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THE ILIAD OF HOMER



PREFATORY NOTE



The execution of this version of the ILIAD has been entrusted to the
three Translators in the following three parts:

Books I. - IX. . . . . W. Leaf.
" X. - XVI. . . . . A. Lang.
" XVII. - XXIV. . . . . E. Myers.

Each Translator is therefore responsible for his own portion; but
the whole has been revised by all three Translators, and the
rendering of passages or phrases recurring in more than one portion
has been determined after deliberation in common. Even in these,
however, a certain elasticity has been deemed desirable.

On a few doubtful points, though very rarely, the opinion of two of
the translators has had to be adopted to the suppression of that
held by the third. Thus, for instance, the Translator of Books
X. - XVI. Would have preferred "c" and "us" to "k" and "os" in the
spelling of all proper names.

The text followed has been that of La Roche (Leipzig, 1873), except
where the adoption of a different reading has been specified in a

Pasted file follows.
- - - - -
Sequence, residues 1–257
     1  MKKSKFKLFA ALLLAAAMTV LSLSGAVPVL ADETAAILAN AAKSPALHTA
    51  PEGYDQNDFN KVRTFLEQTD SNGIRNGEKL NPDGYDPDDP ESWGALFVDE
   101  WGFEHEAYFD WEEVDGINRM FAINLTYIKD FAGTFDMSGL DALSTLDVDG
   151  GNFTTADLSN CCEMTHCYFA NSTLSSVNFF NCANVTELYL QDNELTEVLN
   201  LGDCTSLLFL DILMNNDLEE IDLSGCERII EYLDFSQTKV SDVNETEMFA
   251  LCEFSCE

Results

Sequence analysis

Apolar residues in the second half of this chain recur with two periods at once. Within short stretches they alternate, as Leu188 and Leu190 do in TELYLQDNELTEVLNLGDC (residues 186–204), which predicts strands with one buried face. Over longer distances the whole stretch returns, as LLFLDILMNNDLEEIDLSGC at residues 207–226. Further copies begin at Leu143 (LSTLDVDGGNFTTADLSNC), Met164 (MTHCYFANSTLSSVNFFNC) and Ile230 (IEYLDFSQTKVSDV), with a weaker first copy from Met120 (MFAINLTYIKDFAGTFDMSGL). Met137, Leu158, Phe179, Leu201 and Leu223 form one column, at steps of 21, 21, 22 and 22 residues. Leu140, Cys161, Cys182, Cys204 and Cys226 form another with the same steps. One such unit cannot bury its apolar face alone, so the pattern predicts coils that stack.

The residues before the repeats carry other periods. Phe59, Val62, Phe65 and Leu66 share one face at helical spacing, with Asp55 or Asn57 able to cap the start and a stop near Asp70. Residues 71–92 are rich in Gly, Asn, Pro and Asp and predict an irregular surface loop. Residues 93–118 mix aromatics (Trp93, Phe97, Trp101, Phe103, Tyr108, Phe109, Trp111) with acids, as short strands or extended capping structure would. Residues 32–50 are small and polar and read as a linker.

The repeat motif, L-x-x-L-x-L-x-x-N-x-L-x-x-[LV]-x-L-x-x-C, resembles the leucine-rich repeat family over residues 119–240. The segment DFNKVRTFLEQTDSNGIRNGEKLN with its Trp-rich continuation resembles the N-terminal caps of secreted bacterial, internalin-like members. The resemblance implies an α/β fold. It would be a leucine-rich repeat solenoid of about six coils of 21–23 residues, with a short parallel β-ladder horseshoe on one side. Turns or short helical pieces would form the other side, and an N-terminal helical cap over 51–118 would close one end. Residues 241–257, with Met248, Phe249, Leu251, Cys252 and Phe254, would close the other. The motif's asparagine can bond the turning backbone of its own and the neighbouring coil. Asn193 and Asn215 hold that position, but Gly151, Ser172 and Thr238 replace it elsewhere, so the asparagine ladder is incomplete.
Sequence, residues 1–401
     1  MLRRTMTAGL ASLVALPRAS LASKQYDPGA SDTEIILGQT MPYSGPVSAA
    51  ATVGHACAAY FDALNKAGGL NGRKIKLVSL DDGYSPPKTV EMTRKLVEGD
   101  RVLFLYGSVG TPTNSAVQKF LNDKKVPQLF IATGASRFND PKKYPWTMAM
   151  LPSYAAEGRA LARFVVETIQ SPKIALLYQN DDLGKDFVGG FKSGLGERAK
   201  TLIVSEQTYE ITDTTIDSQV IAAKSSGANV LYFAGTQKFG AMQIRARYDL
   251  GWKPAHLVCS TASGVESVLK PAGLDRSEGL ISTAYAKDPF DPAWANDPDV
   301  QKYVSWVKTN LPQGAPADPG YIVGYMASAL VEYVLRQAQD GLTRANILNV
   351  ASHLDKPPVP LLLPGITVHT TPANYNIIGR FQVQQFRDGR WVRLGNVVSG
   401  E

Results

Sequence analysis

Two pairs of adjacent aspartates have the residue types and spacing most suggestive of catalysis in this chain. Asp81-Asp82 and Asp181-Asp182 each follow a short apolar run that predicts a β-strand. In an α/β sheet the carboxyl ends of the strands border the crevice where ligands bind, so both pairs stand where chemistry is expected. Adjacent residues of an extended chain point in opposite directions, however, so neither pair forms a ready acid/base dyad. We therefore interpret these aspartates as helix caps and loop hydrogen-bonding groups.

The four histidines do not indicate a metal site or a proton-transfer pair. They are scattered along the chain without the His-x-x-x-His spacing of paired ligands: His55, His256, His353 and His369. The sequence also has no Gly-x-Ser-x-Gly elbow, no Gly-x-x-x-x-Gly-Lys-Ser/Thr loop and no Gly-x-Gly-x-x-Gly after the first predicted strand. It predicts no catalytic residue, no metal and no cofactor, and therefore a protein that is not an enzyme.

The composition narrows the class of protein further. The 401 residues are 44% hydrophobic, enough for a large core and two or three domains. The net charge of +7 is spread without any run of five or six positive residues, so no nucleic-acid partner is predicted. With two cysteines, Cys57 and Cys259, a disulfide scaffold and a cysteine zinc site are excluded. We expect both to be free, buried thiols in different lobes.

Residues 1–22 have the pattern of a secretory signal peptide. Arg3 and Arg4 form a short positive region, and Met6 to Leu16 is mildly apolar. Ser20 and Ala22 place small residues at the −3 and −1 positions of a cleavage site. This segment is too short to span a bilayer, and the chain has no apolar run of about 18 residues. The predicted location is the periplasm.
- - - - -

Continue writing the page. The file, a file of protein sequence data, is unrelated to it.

footnote. Where the balance of evidence, external and internal, has
seemed to the Translator to be against the genuineness of the
passage, such passage has been enclosed in brackets [].

The Translator of Books X. - XVI. Has to thank Mr. R.W. Raper,
Fellow of Trinity College, Oxford, for his valuable aid in revising
the proof-sheets of these Books.


NOTE TO REVISED EDITION


In the present Edition the translation has been carefully revised
throughout, and numerous minor corrections have been made. The Notes
at the end of the volume have been, with a few exceptions, omitted;
one of the Translators hopes to publish very shortly a Companion to
the Iliad for English readers, which will deal fully with most of
the points therein referred to.

The use of square brackets has in this edition been restricted to
passages where there is external evidence, such as absence from the
best MSS., for believing in interpolation. One or two departures
from this Rule are noticed in footnotes.

November 1891



The reader will perhaps also be helped by the following list of the
Greek and Latin names of the gods and goddesses who play important